Following are a few photos from the Nisqually National Wildlife Refuge. I had a wonderful, quiet, spectacular day there yesterday, and I'll be going back again and again in my mind. Hope you enjoy these little glimpses of our temporary home.

Looking to Sea

Olympic Mountains

THE Mountain

Little Singer

Narrows Bridge from Nisqually

Friday, April 26, 2013

Code Talker -- Book Review or Vicarious Experience?

My father volunteered in the Army during World War II, serving in the South Pacific. My mother was an Aerographer's Mate in the Navy and helped crack an enemy weather code. Those two sentences sum up almost everything I know about their experiences. I'm very grateful for their service, but wish I had a better understanding of what they did and what it was like.

Chester Nez grew up in the Checkerboard area of New Mexico, herding sheep and goats, living a pretty traditional Navajo life in the 1920's and 1930's. No electricity, no running water, sleeping under the stars while roaming with the grazing animals, he appreciated life and honored his elders. Then came boarding school.

Because it was deemed necessary for Navajo kids to learn English, Chester and his siblings ended up having to leave the sheep and goats and the secure familiarity of the hogan for the alien discomforts of live-in elementary and secondary schools. Nothing in his life seemed easy, but Chester held firmly to the values and beliefs taught by his father and grandmother. He learned to remember the small joys and look for beauty wherever it might be found.

During the beginning stages of WWII, it was realized that a super-sophisticated code might be created using the unwritten and little-known language of the Navajo nation. Chester and many other young men volunteered for a "special project" in the Marine Corps, and the Code Talkers were born.

Chester was involved in the battles of Guadalcanal, Guam, Peleiu, Bougainville, and Angaur. The conditions were awful and even horrific. The odds were often significantly against the US troops. Although most (if not all) of the other Marines got occasional R&R away from the front lines, the Code Talkers were an absolutely vital piece of our strategic success and could not be spared for even a few days' respite. Those hard times back on the Checkerboard, sleeping on the ground and going for days without fresh food or any comforts of home, made the Navajos able to be survivors.

I listened to this book as an audio, and the reader (David Colacci) became Chester Nez for me. His pronunciations of Navajo names and words, as well as his careful use of emotional voice, brought the story to life. Although it was difficult to hear accounts of the treatment of Native Americans of that time, I appreciated their resiliency of spirit and commitment to their family values. Survivors.

Saturday, April 13, 2013

Is This Hyperbole, or am I Exaggerating?

No personal photos this time. I was too busy driving -- and gawking. I attended a meeting on Mercer Island this week, and had to arrive early so I could find the place. This being only my second time ever on The Island, I had a good look around.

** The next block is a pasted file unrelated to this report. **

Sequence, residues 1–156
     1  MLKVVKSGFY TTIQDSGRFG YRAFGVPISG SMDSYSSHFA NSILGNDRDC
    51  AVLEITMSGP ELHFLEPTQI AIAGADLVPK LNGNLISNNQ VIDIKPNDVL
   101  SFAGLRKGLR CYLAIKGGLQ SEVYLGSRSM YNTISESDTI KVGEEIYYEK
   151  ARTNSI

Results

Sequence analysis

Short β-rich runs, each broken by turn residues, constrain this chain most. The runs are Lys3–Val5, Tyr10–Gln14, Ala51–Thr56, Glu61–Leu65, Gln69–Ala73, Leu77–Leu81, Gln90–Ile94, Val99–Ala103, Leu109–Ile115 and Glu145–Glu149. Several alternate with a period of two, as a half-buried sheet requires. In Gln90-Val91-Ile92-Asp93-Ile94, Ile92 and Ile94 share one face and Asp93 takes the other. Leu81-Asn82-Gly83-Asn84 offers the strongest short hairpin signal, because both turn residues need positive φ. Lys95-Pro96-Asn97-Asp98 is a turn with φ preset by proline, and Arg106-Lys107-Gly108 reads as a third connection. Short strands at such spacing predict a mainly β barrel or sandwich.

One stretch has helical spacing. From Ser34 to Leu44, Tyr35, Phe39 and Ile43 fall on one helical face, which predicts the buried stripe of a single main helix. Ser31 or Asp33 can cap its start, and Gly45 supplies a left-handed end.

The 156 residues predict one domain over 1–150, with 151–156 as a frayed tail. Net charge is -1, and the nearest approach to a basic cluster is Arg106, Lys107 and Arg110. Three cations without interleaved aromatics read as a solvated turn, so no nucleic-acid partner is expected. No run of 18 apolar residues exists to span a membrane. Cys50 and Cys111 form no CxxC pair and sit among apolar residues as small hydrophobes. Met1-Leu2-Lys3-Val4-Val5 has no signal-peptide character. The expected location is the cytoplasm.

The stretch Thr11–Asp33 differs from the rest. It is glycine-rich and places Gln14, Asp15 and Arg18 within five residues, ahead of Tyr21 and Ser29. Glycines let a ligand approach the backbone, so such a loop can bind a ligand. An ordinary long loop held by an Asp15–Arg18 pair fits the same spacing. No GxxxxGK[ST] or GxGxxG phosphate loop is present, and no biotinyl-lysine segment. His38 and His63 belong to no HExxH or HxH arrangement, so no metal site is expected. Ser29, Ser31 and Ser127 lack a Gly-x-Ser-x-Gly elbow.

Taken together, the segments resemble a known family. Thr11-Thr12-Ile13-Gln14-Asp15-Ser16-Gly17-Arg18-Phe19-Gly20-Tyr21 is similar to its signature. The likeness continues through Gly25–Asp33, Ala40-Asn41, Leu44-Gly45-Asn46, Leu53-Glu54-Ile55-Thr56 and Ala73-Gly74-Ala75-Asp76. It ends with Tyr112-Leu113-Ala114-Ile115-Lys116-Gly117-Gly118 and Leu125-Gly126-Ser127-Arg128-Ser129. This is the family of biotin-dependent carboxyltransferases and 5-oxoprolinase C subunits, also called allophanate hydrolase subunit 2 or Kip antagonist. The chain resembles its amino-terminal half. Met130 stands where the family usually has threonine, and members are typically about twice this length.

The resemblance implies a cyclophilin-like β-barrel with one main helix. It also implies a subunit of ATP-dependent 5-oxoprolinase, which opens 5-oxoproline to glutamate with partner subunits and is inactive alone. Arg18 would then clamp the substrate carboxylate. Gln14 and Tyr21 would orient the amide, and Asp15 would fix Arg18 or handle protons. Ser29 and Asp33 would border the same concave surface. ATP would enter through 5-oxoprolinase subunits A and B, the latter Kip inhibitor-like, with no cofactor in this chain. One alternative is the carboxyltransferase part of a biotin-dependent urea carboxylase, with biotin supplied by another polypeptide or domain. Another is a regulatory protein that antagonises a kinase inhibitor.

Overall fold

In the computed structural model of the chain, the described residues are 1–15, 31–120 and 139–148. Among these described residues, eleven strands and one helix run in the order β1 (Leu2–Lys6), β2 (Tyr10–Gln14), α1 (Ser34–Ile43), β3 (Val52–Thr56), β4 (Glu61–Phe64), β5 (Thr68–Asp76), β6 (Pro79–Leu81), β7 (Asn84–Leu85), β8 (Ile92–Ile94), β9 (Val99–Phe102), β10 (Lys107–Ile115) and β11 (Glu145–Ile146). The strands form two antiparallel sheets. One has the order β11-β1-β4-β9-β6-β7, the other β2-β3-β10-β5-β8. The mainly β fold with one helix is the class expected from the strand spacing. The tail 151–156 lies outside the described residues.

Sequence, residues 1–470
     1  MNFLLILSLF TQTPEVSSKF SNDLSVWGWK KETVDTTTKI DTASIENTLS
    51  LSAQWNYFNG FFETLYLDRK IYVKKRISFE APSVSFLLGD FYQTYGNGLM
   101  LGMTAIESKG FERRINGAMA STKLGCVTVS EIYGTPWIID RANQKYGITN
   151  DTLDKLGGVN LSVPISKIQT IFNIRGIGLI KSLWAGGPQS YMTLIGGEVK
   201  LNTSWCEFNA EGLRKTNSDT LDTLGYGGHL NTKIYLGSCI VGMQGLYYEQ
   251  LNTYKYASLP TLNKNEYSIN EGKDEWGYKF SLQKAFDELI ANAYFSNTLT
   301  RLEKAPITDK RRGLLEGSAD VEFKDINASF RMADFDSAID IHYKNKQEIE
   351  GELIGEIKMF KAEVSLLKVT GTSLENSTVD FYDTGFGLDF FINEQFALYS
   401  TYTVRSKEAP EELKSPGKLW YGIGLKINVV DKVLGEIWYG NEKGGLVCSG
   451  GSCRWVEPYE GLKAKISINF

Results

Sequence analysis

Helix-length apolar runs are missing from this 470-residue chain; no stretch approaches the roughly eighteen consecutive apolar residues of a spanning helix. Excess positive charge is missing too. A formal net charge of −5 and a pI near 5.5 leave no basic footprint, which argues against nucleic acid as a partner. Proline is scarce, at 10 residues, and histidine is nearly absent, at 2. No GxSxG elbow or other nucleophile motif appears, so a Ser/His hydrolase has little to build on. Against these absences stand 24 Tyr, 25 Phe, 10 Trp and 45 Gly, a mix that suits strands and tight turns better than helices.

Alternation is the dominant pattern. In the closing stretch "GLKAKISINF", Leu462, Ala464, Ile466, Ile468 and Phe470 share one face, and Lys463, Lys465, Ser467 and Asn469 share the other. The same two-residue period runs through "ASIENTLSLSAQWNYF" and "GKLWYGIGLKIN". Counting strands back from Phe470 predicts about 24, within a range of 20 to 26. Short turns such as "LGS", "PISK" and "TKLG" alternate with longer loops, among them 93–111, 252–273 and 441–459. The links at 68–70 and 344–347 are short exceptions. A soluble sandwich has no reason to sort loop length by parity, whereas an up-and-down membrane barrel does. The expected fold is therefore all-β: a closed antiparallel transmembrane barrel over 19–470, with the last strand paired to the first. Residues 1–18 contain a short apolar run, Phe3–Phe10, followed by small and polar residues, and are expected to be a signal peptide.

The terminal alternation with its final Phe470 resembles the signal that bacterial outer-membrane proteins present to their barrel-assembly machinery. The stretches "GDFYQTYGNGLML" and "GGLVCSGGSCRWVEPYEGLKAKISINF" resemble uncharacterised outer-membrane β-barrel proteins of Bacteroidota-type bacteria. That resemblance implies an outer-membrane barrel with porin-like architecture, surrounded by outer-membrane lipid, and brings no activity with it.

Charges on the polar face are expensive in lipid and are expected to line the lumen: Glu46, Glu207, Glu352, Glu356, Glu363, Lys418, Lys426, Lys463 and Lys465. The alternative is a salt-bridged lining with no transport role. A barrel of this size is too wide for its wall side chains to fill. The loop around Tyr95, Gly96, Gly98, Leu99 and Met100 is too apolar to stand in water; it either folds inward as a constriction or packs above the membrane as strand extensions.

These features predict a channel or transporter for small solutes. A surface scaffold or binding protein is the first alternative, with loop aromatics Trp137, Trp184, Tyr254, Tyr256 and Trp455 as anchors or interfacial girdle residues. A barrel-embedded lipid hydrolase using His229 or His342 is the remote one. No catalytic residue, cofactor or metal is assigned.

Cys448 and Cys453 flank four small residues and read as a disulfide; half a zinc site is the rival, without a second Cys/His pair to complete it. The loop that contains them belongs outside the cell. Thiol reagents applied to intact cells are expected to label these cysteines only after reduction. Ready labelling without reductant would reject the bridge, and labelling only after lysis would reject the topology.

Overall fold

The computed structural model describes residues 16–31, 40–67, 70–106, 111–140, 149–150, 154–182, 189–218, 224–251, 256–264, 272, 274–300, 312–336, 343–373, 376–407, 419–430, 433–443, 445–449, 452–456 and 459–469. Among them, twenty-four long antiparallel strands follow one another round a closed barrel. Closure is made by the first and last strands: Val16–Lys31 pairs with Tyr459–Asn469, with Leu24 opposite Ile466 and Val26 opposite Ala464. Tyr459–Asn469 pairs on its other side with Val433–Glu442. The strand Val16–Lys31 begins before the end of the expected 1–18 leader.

I've heard that "island life" is a little different, no matter what island it is. There's the whole transportation thing, having to rely on ferries or bridges to get to the mainland. Seems like that would make you consider the necessity of each trip and consolidate off-island errands whenever possible. Then, when you're on the island, make the most of its quieter, slower pace.

Methinks Mercer Island has the "slower pace" thing nailed down. (Here's where the hyperbole comes.) The highest speed limit I found was a mere 35 mph. Residential streets were narrow and they  *ALL*  had speed bumps! Everywhere, speed bumps! The winding road that circles the southern two-thirds of the island had to be shared with bicycles, but they were going nearly the speed limit so it wasn't really advantageous to pass them even if you could find a wide enough place to do so.

Some of the homes were very upscale, set into the woods for a natural effect or surrounded by meticulously groomed gardens. One house was perched on the edge of a gully, road on one side and steep drop-off on the other. No grass to mow there!

All of this made me think about how the location and situation of your home has much to do with your lifestyle. If you live in the city, you've got people and traffic and busy-ness all around, all the time. Out in the country on acreage, there's a necessary degree of self-sufficiency. The suburbs? Well, I guess I have some of the hustle and bustle but not the easy public transportation of the city, and a little space but more access to consumer conveniences than the country. Middle ground.

Another lifestyle consideration is participation in community. The closer you are to people (geographically), the more you are a part of their lives as you see one another frequently. Country life benefits from neighborly interdependence, but maybe there's more intentionality required.

I enjoy reading a blog by a Canadian gal living "in community" in Amsterdam. She and her husband live in an apartment, but she is very much a part of a close-knit group of Christians who are committed to sharing their lives together. Interdependence is a balance, and Brenda occasionally shares in some detail what it means to be part of a wholly intentional community.